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Existing dirt & Mel's Mix?

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Existing dirt & Mel's Mix?

Post  michelledy72 on 3/9/2014, 10:09 am

The landscape design guy filled my bed with garden topsoil. I pulled my soil samples yesterday to dry so I can test. Can I incorporate Mel's mix into this? I've been growing in containers the past 3 years and for the first time used worm castings last year and had gorgeous plants. I have already planned to mix this in to the existing dirt in the bed. As I'm not going to have a traditional SFG space wise (but still use the principles) I can't pull the dirt out. It's too large of a space.
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Re: Existing dirt & Mel's Mix?

Post  camprn on 3/9/2014, 10:28 am

Well, strictly speaking Mel's mix has no dirt in it. If you want to proceed with what you have, you can boost the soil with adding a bit of sphagnum peat and a variety of composts. This is what I do with my inground flower beds and it works pretty well.

When making Mel's mix the recipe as described in the All New Square Foot Gardening book, mix together by volume 1/3 sphagnum peat, 1/3 vermiculite or perlite and 1/3 compost blend made from 5 different types of compost (chicken litter, cow, horse, rabbit,lobster, homemade with lots of organic matter, etc.). Do not buy anything that says soil on the bag label. Do not skimp on the variety of composts if you want good results in your garden. I often find sources of compost in the farm and garden section of Craigslist or Freecycle.

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Re: Existing dirt & Mel's Mix?

Post  CapeCoddess on 3/9/2014, 1:22 pm

Maybe you have a good opportunity here to start out small with your SFG.  Could you divide a smaller, say four foot section,  out and take the top  6 inches of soil out and replace it with Mel's mix? I had a four by four box one year but didn't have enough Mel's next to fill it, so I stuck a piece of wood down the center and was able to fill half of it with Mel's mix and the other half I filled with compost. As time went by, little by slow, the whole box became Mel's mix.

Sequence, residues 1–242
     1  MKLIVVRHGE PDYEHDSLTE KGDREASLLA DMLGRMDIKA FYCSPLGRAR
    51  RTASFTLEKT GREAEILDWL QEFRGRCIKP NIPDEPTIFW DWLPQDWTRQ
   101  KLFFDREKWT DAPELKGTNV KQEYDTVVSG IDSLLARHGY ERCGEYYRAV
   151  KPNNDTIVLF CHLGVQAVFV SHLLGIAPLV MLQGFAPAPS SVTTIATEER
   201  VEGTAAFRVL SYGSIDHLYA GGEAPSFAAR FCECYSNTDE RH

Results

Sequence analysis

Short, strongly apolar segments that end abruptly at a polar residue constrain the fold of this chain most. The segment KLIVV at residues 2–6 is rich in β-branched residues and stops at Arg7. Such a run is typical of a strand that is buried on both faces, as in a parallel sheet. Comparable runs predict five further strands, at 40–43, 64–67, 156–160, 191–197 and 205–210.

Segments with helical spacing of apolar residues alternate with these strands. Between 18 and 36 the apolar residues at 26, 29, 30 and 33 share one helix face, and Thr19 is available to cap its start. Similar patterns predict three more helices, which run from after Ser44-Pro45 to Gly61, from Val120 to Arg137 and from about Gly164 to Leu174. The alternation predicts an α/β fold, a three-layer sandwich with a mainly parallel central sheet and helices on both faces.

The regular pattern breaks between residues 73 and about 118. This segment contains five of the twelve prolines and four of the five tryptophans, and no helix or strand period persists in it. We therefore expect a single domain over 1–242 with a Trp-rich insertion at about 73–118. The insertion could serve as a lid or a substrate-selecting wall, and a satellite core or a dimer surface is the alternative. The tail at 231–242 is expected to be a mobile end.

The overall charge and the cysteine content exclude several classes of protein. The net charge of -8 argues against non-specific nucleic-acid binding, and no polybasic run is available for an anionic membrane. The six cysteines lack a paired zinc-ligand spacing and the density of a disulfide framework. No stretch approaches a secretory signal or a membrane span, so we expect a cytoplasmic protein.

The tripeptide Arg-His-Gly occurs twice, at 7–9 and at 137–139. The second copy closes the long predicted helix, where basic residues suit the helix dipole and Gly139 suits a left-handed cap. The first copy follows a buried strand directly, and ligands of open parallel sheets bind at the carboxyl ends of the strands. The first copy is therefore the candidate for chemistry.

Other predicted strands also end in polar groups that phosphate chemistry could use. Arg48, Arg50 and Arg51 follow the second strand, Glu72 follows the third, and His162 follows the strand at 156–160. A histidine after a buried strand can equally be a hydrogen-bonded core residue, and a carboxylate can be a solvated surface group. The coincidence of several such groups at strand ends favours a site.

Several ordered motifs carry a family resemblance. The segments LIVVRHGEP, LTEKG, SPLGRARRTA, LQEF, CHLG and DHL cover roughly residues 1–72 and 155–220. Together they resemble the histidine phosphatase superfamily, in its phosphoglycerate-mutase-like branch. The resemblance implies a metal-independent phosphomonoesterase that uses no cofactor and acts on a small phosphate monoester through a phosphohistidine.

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Mel's Mix Conversion

Post  Rahab222 on 3/10/2014, 5:44 am

It is expensive to convert all your beds to Mel's Mix.  Therefore, I have done this very slowly.  I did two boxes on 4" x 4" leg posts last year for strawberries and they look marvelous.  I still used my sandy loam bed for tomatoes, peppers, etc.  Last fall, I added another strawberry box with Mel's Mix.  This spring, I added (3) 4' x 4' boxes, 12 inches deep for potatoes.  I am adding another sandy loam bed as I type - 4' x 9' for tomatoes and peppers, since I need to rotate these.  I still have one more 4' X 4' box to fill with Mel's Mix that I am going to plant determinate tomatoes (small, bush type plants) into see how it goes.  I wish all my boxes were filled with Mel's Mix, but I'm having to slowly make my way there.

I don't think there should be any problem with you taking some of the dirt out of your box and replacing it with Mel's Mix.  I came up short on Mel's Mix for one of my 4' x 4' x 12" boxes for potatoes, so I filled the bottom with a green garbage bag full of leaves that I had collected from last fall.  They were wet inside the bag, as I was trying to create leaf mold.  These leaves filled about 4 inches of the 12 inch depth of the box.  I filled the rest of the box with Mel's Mix - on top of the leaves.  And what to you know - this particular box is FLOURISHING with 16 potato plants; while the other two boxes barely have a few potato plants sticking leaves through the top of the soil.  I have enough leaves left to try this in the 4' x 4' box I'm going to plant my determinate tomatoes in.  I think as long as you get anywhere near the Mel's Mix formula, you'll be okay.  And eventually, your box will be full of Mel's Mix and compost as you add each year.  I've decided that a big thing about the Mel's Mix is that it's pourous, which plants like.  Otherwise, I'd be stuck with gumbo or hauling in more sandy loam.

The easiest way for me has been to add the 4' x 4' boxes one or two at a time, due to cost.  I couldn't even begin to imagine filling my 9' x 20' sandy loam bed with Mel's Mix as it is just too cost prohibitive.  I just add LOTS of compost and chicken manure to the sandy loam and hand till it in.  It's all about your nutrients in the soil.  I was very pleased to see I have LOTS of earthworms in the sandy loam bed when I hand tilled it.  I want the worms to like it:-)  I need their help with aeration.
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